A high-performance liquid chromatography with ultraviolet detection (HPLC-UV) method was validated for the study of bioactive amines in chicken meat. A gradient elution system with an ultraviolet detector was used after extraction with trichloroacetic acid and pre-column derivatization with dansyl chloride. Putrescine, cadaverine, histamine, tyramine, spermidine, and spermine standards were used for the evaluation of the following performance parameters: selectivity, linearity, precision, recovery, limits of detection, limits of quantification and ruggedness. The results indicated excellent selectivity, separation of all amines, a coefficient of determination greater than 0.99 and recovery from 92.25 to 102.25% at the concentration of 47.2mg.kg-1, with a limit of detection at 0.3mg.kg-1 and a limit of quantification at 0.9mg.kg-1 for all amines, with the exception of histamine, which exhibited the limit of quantification, of 1mg.kg-1. In conclusion, the performance parameters demonstrated adequacy of the method for the detection and quantification of bioactive amines in chicken meat.
validation; chicken meat; bioactive amines; HPLC-UV
Um método de cromatografia líquida de alta eficiência (CLAE) para pesquisa de aminas bioativas em carne de frango foi validado. Foi utilizado um sistema de gradiente de eluição com detector ultravioleta, após extração com ácido tricloroacético e derivação pré-coluna com cloreto de dansila. Os padrões de putrescina, cadaverina, histamina, tiramina, espermidina e espermina foram utilizados para avaliação dos seguintes parâmetros de desempenho: seletividade, linearidade, precisão, recuperação, limites de detecção, limites de quantificação e robustez. Os resultados mostraram excelente seletividade e separação de todas as aminas, coeficiente de determinação superior a 0,99, recuperação entre 92,25 e 105,25% na concentração 47,2mg.kg-1, limites de detecção de 0,3mg.kg-1 e limite de quantificação de 0,9mg.kg-1 para todas as aminas, com exceção da histamina, que apresentou o limite de quantificação mais alto, de 1mg.kg-1. Foi concluído que os parâmetros de desempenho demonstraram adequação do método para detecção e quantificação de aminas bioativas em carne de frango.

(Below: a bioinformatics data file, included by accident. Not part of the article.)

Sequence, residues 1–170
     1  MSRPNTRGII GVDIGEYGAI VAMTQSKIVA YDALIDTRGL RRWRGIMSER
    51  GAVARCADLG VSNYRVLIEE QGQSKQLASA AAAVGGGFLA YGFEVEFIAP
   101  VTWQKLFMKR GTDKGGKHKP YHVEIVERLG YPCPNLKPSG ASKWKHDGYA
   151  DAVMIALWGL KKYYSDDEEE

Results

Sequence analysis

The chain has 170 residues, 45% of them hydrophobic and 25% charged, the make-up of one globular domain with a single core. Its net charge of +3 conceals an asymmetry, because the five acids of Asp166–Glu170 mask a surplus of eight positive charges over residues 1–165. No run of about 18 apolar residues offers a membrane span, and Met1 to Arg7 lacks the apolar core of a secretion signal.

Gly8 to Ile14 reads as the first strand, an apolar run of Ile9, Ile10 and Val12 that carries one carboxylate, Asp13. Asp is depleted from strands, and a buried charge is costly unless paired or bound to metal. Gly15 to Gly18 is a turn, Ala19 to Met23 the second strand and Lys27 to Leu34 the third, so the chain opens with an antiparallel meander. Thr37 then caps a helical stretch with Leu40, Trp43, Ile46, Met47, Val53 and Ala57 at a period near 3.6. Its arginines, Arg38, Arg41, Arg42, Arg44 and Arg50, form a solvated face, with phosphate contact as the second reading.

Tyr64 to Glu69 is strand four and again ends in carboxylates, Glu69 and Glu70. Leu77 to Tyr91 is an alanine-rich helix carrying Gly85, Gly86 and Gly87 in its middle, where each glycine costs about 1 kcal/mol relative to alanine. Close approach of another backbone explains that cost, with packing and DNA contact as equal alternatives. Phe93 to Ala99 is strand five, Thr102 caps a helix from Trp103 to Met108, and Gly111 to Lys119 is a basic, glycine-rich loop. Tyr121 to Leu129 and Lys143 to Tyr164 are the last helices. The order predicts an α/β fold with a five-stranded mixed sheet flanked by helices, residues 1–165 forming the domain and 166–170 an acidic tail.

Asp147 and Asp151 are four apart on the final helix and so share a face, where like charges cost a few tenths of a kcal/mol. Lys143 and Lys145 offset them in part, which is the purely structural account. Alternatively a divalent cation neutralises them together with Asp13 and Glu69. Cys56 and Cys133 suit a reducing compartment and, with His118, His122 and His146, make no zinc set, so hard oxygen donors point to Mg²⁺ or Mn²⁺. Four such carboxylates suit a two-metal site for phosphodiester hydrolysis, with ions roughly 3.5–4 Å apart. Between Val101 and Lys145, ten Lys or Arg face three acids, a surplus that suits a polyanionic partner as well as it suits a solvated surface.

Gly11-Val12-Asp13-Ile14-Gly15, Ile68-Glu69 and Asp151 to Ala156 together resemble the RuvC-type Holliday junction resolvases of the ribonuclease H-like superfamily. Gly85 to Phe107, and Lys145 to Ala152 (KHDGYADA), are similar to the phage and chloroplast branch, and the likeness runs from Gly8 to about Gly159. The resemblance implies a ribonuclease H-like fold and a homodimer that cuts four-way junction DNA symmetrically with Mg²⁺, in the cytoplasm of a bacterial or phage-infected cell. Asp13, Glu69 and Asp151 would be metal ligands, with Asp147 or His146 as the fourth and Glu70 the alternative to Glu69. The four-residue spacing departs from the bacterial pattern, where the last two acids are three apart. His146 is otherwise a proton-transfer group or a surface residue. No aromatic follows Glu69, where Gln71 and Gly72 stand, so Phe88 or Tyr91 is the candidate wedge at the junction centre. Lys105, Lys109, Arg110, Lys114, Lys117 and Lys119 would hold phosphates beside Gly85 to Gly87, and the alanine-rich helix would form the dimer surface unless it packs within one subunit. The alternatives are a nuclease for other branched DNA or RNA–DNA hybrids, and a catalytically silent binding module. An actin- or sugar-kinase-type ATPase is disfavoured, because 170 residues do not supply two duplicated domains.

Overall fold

validação; carne de frango; aminas bioativas; HPLC-UV
Chicken meat has high nutritional value and is rich in proteins, vitamins and minerals. However, this product is highly perishable and is susceptible to many alterations that may produce unwanted substances. Biogenic amines are organic bases of low molecular weight that can be formed during the storage or processing of food products through the decarboxylation of amino acids by microbial enzymes (Brink et al., 1990BRINK, B.T.; DAMINK, C.; JOOSTEN, H.M.L.J.; VELD, J.H.J.H. Occurrence and formation of biologically active amines in foods. Int. J. Food Microbiol., v.11, p.73-84, 1990.).
The consumption of food with high amine content can be harmful to health, potentially leading to histamine poisoning, migraine, or hypertensive crisis (Palencia et al., 2011PALENCIA, P.F.; FERNÁNDEZ, M.; MOHEDANO, M.L. et al. Role of tyramine synthesis by food-borne Enterococcus durans in adaptation to the gastrointestinal tract environment. Appl. Environ. Microbiol., v.77, p.699-702, 2011.). Approximately 30% of individuals with classical migraine may have a crisis when they consume tyramine-rich food (Glória and Vieira, 2007GLÓRIA, M.B.A.; VIEIRA, S.M. Technological and toxicological significance of bioactive amines in grapes and wines. In: benkeblia, N. (Ed.). Food. United Kingdon: Global Science Books. 2007. p.258-270.). At high concentrations, putrescine and cadaverine may lead to hypotension, bradycardia, exaggerated muscle contraction of the jaw, limb paralysis, and potentiation of the toxicity of other amines (Veciana-Nogués et al., 1997). Hence, the study of biogenic amines is important not only due to their toxicity but also because they can be used as food quality indicators. In this sense, the development of methodologies able to detect toxic compounds has been increasingly pursued to ensure that food products are not associated with any type of risk for the consumer.